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For years, freight forwarding companies have handled shipment bookings, rate comparisons and tracking services that are now offered by most online marketplaces. Where does that leave the middlemen of the freight world?
Freight forwarders have proven their value in recent times as geopolitical and economic strife raise uncertainty for shippers. Turning to their supply-chain partners — often the freight forwarder — shippers have benefited from changing their sourcing, port and warehousing locations.
This kind of consulting service is an asset that online marketplaces haven’t yet perfected, and may not for several more years.
In addition, freight forwarders are expanding their roles by providing “value-added” services such as customs brokerage, inland transportation and warehousing. In some cases, these companies are transforming themselves into 4PLs, or providers that “manage all resources, capabilities, technologies and the physical execution of carriers and providers required to deliver a company’s logistics needs,” per Gartner’s definition.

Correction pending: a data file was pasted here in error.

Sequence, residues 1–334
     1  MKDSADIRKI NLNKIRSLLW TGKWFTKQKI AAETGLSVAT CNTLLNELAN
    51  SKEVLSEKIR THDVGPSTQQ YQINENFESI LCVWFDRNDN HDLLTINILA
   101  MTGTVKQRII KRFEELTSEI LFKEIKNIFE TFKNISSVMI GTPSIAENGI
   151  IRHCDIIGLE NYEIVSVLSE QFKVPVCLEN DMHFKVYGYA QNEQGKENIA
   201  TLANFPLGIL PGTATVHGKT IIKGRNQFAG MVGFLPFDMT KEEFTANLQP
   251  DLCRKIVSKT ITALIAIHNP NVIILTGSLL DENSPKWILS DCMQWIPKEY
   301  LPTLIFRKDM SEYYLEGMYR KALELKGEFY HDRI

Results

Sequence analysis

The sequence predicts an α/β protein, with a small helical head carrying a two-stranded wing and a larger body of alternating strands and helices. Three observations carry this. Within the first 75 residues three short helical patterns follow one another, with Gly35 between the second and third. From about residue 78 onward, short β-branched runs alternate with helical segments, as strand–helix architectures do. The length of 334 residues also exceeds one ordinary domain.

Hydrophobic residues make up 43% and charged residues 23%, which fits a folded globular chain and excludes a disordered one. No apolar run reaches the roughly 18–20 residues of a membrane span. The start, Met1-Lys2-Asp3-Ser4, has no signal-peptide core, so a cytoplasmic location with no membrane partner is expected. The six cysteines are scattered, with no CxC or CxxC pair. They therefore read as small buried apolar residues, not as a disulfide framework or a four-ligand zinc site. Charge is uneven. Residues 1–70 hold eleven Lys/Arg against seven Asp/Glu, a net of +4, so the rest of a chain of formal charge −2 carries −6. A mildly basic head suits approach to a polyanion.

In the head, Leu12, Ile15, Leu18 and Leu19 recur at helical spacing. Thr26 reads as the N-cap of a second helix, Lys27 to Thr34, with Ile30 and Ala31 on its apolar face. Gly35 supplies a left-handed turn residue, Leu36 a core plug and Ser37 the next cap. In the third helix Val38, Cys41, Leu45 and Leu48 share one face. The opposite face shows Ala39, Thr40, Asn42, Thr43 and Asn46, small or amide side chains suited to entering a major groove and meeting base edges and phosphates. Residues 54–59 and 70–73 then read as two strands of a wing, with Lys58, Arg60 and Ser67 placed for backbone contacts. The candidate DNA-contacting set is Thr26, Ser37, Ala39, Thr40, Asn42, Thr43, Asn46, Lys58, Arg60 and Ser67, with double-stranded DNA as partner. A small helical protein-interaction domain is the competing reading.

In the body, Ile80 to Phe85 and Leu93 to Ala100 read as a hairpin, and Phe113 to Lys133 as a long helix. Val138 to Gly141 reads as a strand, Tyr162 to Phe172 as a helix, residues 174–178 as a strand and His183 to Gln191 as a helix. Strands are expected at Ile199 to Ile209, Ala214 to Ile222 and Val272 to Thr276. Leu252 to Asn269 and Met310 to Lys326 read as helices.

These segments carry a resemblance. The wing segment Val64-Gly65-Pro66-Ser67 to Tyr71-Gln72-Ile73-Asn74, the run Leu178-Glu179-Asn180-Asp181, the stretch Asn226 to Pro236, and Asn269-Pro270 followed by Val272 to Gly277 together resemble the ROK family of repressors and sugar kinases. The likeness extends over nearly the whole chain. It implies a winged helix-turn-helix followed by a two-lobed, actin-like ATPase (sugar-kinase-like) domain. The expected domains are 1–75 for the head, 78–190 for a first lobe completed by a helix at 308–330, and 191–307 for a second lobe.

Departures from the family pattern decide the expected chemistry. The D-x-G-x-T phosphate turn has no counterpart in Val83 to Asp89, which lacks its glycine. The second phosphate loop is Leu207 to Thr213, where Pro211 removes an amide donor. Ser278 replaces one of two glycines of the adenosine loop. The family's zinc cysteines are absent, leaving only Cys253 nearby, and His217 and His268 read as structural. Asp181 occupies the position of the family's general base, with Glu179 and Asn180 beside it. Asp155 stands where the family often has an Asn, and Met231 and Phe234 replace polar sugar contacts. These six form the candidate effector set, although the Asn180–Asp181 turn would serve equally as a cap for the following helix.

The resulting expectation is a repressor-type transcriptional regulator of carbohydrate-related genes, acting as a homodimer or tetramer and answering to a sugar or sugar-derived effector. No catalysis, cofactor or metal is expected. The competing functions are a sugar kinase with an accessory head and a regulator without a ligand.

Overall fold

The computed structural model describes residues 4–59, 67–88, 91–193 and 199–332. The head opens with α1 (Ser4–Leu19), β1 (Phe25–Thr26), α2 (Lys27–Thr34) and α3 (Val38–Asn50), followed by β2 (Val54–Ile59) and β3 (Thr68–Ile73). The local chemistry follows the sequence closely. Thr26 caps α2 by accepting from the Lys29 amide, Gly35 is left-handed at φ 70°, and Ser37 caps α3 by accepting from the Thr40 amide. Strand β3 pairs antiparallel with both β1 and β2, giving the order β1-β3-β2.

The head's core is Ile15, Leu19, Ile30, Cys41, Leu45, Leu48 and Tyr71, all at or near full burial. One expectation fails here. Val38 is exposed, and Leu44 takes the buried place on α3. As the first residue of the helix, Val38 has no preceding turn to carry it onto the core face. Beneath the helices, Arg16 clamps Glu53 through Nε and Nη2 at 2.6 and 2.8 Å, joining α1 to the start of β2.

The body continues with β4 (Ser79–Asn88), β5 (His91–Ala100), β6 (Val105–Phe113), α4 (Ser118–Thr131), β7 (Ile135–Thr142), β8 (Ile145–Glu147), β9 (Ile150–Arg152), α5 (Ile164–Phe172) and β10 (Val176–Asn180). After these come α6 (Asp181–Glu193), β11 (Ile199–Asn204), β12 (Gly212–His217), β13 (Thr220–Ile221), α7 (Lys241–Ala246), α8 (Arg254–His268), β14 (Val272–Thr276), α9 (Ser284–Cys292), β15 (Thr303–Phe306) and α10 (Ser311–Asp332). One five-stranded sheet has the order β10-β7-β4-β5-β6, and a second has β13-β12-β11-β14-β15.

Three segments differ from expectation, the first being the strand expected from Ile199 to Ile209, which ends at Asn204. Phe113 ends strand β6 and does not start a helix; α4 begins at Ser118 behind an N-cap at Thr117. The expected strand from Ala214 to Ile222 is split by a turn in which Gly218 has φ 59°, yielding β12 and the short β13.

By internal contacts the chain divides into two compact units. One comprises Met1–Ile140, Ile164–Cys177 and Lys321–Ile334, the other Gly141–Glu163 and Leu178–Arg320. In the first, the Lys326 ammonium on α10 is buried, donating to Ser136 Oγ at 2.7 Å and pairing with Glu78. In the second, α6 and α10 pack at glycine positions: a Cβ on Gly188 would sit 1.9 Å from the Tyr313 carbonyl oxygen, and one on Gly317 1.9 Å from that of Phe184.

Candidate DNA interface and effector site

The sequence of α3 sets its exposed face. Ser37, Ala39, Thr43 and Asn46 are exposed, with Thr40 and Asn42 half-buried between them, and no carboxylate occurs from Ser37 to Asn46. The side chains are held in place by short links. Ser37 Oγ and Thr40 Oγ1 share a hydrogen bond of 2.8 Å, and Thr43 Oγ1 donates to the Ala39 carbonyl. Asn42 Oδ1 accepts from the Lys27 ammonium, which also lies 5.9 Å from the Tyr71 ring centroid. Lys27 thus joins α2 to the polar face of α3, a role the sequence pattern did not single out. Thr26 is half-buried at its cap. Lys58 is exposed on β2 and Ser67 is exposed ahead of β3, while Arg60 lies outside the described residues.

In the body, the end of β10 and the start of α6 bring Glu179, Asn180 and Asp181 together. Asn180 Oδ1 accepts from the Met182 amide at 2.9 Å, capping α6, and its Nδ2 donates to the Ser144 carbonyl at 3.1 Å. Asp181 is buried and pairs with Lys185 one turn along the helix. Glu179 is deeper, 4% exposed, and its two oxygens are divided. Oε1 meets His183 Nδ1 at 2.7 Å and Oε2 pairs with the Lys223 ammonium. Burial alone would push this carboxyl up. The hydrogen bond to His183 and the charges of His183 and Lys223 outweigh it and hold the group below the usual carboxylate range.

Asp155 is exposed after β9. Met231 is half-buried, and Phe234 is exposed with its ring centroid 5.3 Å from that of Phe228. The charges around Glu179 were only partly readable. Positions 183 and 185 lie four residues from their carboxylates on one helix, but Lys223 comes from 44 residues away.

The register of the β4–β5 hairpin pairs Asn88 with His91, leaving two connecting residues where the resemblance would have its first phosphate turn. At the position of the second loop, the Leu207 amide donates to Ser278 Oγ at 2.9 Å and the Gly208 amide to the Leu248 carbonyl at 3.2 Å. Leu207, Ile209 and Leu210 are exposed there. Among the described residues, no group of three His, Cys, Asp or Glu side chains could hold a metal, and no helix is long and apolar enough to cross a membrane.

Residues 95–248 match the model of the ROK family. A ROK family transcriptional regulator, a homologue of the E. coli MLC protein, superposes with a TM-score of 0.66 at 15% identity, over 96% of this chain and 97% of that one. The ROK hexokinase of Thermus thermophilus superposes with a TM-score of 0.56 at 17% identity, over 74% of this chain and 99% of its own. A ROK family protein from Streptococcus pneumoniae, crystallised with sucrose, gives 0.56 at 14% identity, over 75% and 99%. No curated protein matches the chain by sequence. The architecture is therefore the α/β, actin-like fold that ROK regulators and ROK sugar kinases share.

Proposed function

Leading freight forwarders such as DB Schenker, DHL, DSV and Kuehne-Nagel have all introduced 4PL services. Traditional 3PLs such as XPO logistics — as well as newer entrants to the space — are doing this, too. Flexport, for example, describes itself as a “digital forwarder.”
The industry is facing a number of competitive threats and will have to continue evolving to stay relevant. As they do, will they still be regarded as “freight forwarders”?
Technology is transforming supply chains by streamlining shipment management, creating visibility — and pushing traditional freight forwarders into oblivion. The survivors are increasingly offering value-added services, but whether that’s enough remains to be seen. In the years ahead, the forwarder will operate in entirely new ways.
Cathy Morrow Roberson is president of Logistics Trends and Insights.
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